And then there's the public assistance side which helps the cities and the counties and the state rebuild their critical infrastructures that were damaged. If we've had police stations or fire stations or sewer systems or water systems that were damaged, we can help put them back in place.

CHETRY: You know, there were some town hall meetings in some of these areas. People were very upset, you know, because they felt like they weren't getting the information they need.

How do you ensure that after a situation like this happens and people have no ability to communicate because their power is out, maybe their phone lines aren't working, that they can know where to turn in the immediate moments after a disaster strikes?

PAULISON: Well, you know, all disasters are local, so it's up to the local community to do that initial contact with people to tell them what to do. And what I've seen here, particularly in Minnesota -- I was in Ohio yesterday, I'm going to Wisconsin tomorrow -- is these local emergency managers just an outstanding job.

The fire service, the police -- the sheriff's departments have really done well to -- from what I saw -- to get people the information they need. Now that there has been a declaration declared in this state, we will be bringing FEMA people in. We've already had them in the governor's office.

There's a 1-800 number for them to call to get information about FEMA assistance. We will bring the small business association in to work with those businesses to make sure that we can do everything possible to get these towns back up and running again.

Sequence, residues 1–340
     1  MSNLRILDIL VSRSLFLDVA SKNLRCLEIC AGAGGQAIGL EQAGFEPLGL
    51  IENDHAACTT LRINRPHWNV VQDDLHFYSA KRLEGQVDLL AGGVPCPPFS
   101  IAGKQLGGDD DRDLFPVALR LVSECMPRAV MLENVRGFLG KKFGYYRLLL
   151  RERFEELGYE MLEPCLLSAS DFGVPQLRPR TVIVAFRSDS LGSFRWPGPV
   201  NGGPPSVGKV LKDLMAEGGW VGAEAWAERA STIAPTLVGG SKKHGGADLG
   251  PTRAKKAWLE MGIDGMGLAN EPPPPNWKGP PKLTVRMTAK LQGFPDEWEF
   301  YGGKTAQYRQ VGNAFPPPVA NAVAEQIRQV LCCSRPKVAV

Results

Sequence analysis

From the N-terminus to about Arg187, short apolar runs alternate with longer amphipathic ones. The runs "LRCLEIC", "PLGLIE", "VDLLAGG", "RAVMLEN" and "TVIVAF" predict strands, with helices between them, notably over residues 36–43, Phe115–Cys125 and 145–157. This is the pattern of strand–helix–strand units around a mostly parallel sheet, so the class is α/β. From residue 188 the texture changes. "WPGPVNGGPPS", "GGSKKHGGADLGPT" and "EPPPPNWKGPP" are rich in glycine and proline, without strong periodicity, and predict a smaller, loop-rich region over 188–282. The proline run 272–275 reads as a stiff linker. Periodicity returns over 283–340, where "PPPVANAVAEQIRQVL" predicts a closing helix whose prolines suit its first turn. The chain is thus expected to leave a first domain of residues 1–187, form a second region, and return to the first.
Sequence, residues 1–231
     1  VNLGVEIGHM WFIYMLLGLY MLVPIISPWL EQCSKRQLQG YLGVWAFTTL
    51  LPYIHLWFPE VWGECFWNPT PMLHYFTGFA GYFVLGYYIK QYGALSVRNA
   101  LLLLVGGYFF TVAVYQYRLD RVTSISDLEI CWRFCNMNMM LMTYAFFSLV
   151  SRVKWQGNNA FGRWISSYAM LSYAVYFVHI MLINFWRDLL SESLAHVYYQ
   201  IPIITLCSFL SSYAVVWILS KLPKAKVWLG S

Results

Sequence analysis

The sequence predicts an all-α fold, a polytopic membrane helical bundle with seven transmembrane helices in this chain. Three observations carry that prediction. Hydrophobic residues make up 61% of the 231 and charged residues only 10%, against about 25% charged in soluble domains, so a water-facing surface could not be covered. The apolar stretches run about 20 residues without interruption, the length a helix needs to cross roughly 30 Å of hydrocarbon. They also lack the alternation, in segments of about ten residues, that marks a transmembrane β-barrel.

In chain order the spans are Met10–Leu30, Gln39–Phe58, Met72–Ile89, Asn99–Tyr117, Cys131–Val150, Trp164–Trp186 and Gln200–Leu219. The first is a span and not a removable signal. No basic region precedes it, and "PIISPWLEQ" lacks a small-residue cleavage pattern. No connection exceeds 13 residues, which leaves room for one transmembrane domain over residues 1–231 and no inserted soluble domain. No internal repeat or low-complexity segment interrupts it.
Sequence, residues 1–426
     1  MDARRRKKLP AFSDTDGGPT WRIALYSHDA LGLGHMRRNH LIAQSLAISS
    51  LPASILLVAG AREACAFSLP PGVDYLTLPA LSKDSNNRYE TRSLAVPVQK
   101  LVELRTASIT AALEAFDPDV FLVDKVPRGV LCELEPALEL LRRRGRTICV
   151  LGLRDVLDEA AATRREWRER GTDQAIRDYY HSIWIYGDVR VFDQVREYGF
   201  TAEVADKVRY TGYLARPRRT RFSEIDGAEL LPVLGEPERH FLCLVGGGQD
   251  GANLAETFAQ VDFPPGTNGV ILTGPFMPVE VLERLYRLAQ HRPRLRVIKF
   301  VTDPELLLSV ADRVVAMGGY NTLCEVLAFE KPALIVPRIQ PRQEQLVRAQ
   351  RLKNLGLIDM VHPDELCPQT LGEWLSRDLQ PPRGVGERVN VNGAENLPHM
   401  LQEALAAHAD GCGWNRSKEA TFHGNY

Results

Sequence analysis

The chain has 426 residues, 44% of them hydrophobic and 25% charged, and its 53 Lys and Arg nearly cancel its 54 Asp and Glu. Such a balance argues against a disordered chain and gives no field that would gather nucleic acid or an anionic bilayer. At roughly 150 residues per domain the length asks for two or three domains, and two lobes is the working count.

CHETRY: You know, you called it some of the worst flooding you've seen. Is there a way to expedite the help to people, especially in times when unprecedented disaster hits communities?

PAULISON: I think we've already done that. The fact that the president signed this declaration so quickly, just literally in a amount of hours by the time we got the declaration from the state to get it into the president's office, shows that he is very concerned.

He was just here a few days ago. Very concerned about this particular state and the other states around here, that we are going to process the declarations as soon as they come into our office and get them from the governors. And I know the governors are working very hard to get those damage assessments down.

CHETRY: Right. So you're dealing with all of this right now. There's other counties in many states that are at least trying to get a disaster declaration made. And, meantime, you have people wanting to move out of some of those FEMA trailers because of concerns about formaldehyde.

What is the status of trying to get them other housing?

PAULISON: We're working very hard to get people out of the -- out of the trailers. You know, we purchased trailers like we've purchased for the last 20 years. And no one had any idea that there was an issue with formaldehyde.

And now that we know that, we're going to move people out very quickly. Anyone who is in a FEMA trailer who wants to get out, we have a number for them to call and we will move them out as quick as we can.

Now, it's not going to happen today, because down there in Louisiana, on the Gulf Coast, there is really not a lot of housing available that's real close. So, it's not going to be today or tomorrow, but it's going to be as quickly as we can. And it may not be where you want it to be, but we will find an apartment or hotel or motel for you to move into.

CHETRY: All right. You guys have a lot of work on your hands because a lot of natural disasters have taken place as we've seen this summer.

David Paulison, FEMA director, thanks for being with us this morning.

PAULISON: Thank you.

SANCHEZ: What is a corridor of shame? It has to do with some schools struggling in a particular part of the United States and what Barack Obama says he plans to do about it. We'll put those two together for you right here on AMERICAN MORNING.


CHETRY: A new crime-fighting weapon topping your "Quick Hits" now.

German police call them gyrocopters. There they are. They're cheaper than normal sized helicopters, and they're also a little funny looking. And a lot of police officers say they're going to be the laughing stock as they try to fight crime.